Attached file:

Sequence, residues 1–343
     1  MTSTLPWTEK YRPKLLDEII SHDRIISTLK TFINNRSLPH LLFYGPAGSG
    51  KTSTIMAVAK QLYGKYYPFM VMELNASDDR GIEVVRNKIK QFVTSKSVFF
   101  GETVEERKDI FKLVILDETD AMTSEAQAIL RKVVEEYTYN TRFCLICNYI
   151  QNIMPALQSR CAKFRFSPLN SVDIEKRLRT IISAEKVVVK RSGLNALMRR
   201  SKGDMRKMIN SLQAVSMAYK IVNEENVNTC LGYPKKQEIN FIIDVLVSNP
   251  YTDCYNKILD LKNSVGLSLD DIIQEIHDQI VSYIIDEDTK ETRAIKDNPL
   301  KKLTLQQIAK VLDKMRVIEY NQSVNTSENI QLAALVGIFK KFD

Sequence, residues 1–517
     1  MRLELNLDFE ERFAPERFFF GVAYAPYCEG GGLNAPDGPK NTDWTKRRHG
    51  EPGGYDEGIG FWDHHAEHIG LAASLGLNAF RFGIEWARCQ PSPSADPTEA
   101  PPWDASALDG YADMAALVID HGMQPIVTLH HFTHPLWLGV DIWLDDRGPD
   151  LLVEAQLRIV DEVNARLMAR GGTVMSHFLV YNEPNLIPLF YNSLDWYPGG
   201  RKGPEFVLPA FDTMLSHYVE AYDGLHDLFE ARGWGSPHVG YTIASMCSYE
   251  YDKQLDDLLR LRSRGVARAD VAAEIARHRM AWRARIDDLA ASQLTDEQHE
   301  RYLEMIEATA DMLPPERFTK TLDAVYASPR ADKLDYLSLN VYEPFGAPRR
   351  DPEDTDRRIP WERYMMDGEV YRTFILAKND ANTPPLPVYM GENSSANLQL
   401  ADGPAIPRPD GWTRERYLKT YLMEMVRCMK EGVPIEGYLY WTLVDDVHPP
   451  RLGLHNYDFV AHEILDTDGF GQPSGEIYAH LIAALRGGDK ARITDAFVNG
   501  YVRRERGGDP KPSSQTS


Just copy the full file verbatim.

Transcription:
Sequence, residues 1–343
     1  MTSTLPWTEK YRPKLLDEII SHDRIISTLK TFINNRSLPH LLFYGPAGSG
    51  KTSTIMAVAK QLYGKYYPFM VMELNASDDR GIEVVRNKIK QFVTSKSVFF
   101  GETVEERKDI FKLVILDETD AMTSEAQAIL RKVVEEYTYN TRFCLICNYI
   151  QNIMPALQSR CAKFRFSPLN SVDIEKRLRT IISAEKVVVK RSGLNALMRR
   201  SKGDMRKMIN SLQAVSMAYK IVNEENVNTC LGYPKKQEIN FIIDVLVSNP
   251  YTDCYNKILD LKNSVGLSLD DIIQEIHDQI VSYIIDEDTK ETRAIKDNPL
   301  KKLTLQQIAK VLDKMRVIEY NQSVNTSENI QLAALVGIFK KFD

Sequence, residues 1–517
     1  MRLELNLDFE ERFAPERFFF GVAYAPYCEG GGLNAPDGPK NTDWTKRRHG
    51  EPGGYDEGIG FWDHHAEHIG LAASLGLNAF RFGIEWARCQ PSPSADPTEA
   101  PPWDASALDG YADMAALVID HGMQPIVTLH HFTHPLWLGV DIWLDDRGPD
   151  LLVEAQLRIV DEVNARLMAR GGTVMSHFLV YNEPNLIPLF YNSLDWYPGG
   201  RKGPEFVLPA FDTMLSHYVE AYDGLHDLFE ARGWGSPHVG YTIASMCSYE
   251  YDKQLDDLLR LRSRGVARAD VAAEIARHRM AWRARIDDLA ASQLTDEQHE
   301  RYLEMIEATA DMLPPERFTK TLDAVYASPR ADKLDYLSLN VYEPFGAPRR
   351  DPEDTDRRIP WERYMMDGEV YRTFILAKND ANTPPLPVYM GENSSANLQL
   401  ADGPAIPRPD GWTRERYLKT YLMEMVRCMK EGVPIEGYLY WTLVDDVHPP
   451  RLGLHNYDFV AHEILDTDGF GQPSGEIYAH LIAALRGGDK ARITDAFVNG
   501  YVRRERGGDP KPSSQTS